By Sinead Mulhern
An airy new space in Montreal’s Mile End is a magnet for those with a knack for distance running. The chic neighbourhood located a short jaunt away from the city’s iconic Mount Royal has, for a long time, been a haven for creative types but in recent years, it has also become a hot spot for fitness enthusiasts and a home base for the growing number of Montreal run crews. Running has become more in-vogue in recent years and Emily Autran wasn’t ignorant to the rising number of Mile End folk logging miles when she dreamed of a new space– part hangout, part running store– for people in the neighbourhood. The Lululemon store manager pitched the idea and early last month, the fitness brand’s first-ever running-exclusive shop, Le Local, opened its doors.
Every detail was considered when the Lululemon team created this space. When the sun shines on the Mile End, they pop open the floor-to-ceiling wall of windows and the shop becomes transformed so that those shopping there hardly feel that they’re indoors at all. Scrolled in cursive, letters on the front door reads “Le Local.” They were painted on by a local artist. Step inside and a runner will find women’s wear to the left and a section of men’s apparel to the right, behind a bicycle assembled by a bike garage down the street.
Browsing through the collection of technical running apparel, runners are bound to notice the little knick-knacks that give the store its Mile End flavour. Potted cacti sit above rows of high-support bras, wooden board games take up residence on a communal table next to a wildflower bouquet, portraits of the brand’s Montreal ambassadors decorate the walls. They’ve even managed to sneak in some appropriate coffee table reading: Michel Hellman’s graphic novel Mile End sits on the table’s edge.
Those are the details. Upon first impression though, a few things make it clear that Le Local isn’t your run-of-the-mill running gear store but rather a hub for runners to re-group. The wood slab with benches is intended to accommodate several. Games of Jenga and chess indicate, it’s OK to stay for a while. Beside this, a screen rolls down to showcase running-themed documentaries or big-deal races.
Sitting here on an early-summer day, the shop is bright and sunny. That was planned. According to Autran, the brand wanted a space located in the right spot to soak up the afternoon rays. At the back of the store is a water cooler and rows of cube-shaped lockers. There’s even a contraption to measure feet for custom-created kicks by Math Sport (designed by a Quebec City runner). Oh, and perhaps the most important detail: Le Local has positioned itself just metres away from city staple St. Viateur Bagels – good to know they had a runner’s favourite snack in mind.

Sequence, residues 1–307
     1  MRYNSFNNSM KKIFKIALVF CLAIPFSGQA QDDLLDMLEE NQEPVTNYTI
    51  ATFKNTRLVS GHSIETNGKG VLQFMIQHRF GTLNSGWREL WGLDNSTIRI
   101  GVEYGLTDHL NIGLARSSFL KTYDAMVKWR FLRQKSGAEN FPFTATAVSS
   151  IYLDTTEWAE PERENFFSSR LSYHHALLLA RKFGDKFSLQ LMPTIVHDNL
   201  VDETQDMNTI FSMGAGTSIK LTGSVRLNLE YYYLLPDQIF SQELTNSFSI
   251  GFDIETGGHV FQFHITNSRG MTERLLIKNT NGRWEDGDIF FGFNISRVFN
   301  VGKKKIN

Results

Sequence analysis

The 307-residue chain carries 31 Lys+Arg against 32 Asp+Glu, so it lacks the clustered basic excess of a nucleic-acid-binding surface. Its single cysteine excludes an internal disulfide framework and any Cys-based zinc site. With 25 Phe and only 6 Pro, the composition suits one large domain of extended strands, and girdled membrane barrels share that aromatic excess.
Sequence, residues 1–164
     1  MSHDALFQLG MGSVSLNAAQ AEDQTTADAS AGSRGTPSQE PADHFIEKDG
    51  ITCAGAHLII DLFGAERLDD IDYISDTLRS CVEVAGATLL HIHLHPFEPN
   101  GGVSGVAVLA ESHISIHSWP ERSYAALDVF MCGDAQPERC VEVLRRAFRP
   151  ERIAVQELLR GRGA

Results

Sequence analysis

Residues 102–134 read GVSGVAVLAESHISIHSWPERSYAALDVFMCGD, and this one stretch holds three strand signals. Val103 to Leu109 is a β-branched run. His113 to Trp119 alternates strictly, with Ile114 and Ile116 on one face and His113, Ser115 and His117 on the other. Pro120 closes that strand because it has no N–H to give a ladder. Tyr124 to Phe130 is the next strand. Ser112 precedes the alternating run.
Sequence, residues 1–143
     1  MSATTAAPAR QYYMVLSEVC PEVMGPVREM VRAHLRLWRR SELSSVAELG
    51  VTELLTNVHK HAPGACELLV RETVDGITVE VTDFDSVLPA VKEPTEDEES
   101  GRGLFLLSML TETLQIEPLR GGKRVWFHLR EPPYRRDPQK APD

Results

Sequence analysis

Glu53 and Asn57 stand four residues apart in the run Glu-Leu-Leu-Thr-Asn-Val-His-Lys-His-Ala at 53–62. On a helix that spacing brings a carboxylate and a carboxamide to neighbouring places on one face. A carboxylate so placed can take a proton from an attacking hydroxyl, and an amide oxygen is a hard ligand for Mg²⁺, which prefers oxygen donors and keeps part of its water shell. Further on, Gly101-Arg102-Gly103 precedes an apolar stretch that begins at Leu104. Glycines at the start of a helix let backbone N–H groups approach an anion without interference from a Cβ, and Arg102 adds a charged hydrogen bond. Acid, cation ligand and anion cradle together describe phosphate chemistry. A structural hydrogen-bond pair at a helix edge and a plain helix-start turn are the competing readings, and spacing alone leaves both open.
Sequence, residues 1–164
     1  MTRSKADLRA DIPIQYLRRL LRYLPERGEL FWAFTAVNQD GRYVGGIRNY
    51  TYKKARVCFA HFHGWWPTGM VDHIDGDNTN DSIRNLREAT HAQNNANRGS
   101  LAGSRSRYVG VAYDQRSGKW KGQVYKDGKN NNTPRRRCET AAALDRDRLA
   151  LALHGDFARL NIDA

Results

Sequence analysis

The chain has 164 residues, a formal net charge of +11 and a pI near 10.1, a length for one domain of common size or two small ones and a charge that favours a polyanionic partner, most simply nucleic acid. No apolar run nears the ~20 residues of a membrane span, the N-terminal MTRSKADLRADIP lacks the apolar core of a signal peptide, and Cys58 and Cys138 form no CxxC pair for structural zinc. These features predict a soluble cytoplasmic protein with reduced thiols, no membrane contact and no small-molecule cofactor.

Le Local first opened in early May. On the last day of the month, they throw their official launch party. That’s a sort of test. Have runners taken note of Le Local on their neighbourhood shakeouts? Is this the sort of thing runners want in this corner of Montreal? Early in the evening, Autran, brand ambassadors and the other Lululemon brains behind their first running store get to all find out.
It turns out, this group can pack a party. By 7:30 p.m., Le Local is full. Mingling in the crowd are trail runners capable of booking it up the steps of Mount Royal, local crew members, dabblers of the sport, local media; even a multi-time Olympic medalist. A pub on the corner has catered plates of food and off to the side, a bar tender swiftly fills cups with summer cocktails made with Romeo’s Gin– one of the city’s many bragging points. Le Local is new, but runners have flocked. By 9:00 p.m., it’s clear that this spot has been welcomed with open arms.
In the mid-2000s, trackies and marathoners alike were used to lacing frumpy sneaks and throwing on gear that was anything but trendy. Running was in desperate need of a makeover. It has since got one. The explosion of running crews, newbie runners embracing the sport, expert race directing and savvy sports brands who get the whole running craze have all changed the sport significantly. It continues to grow. Spots like Le Local aim to give the community a place not just to outfit themselves for training but also just to gather, nerd out about running and exchange route tips. For this brand, a running-only spot like this is the first of its kind. Is this new type of running store here to stay? We’ll wait and see.